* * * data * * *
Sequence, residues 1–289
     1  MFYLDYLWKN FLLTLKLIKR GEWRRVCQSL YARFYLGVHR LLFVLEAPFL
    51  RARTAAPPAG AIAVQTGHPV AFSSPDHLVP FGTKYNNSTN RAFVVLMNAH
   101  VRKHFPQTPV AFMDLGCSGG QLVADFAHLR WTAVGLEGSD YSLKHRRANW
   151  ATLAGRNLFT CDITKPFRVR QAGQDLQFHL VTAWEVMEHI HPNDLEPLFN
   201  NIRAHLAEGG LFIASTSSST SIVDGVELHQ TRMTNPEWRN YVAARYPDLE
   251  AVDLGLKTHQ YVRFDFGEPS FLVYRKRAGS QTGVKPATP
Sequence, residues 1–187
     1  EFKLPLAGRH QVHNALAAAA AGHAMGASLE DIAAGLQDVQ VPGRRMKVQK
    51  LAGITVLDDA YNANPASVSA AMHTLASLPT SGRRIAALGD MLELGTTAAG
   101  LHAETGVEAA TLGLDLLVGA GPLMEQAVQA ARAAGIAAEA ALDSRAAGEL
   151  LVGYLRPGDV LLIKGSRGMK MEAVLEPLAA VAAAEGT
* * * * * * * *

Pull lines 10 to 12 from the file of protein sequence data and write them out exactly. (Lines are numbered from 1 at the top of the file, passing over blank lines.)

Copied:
    51  LAGITVLDDA YNANPASVSA AMHTLASLPT SGRRIAALGD MLELGTTAAG
   101  LHAETGVEAA TLGLDLLVGA GPLMEQAVQA ARAAGIAAEA ALDSRAAGEL
   151  LVGYLRPGDV LLIKGSRGMK MEAVLEPLAA VAAAEGT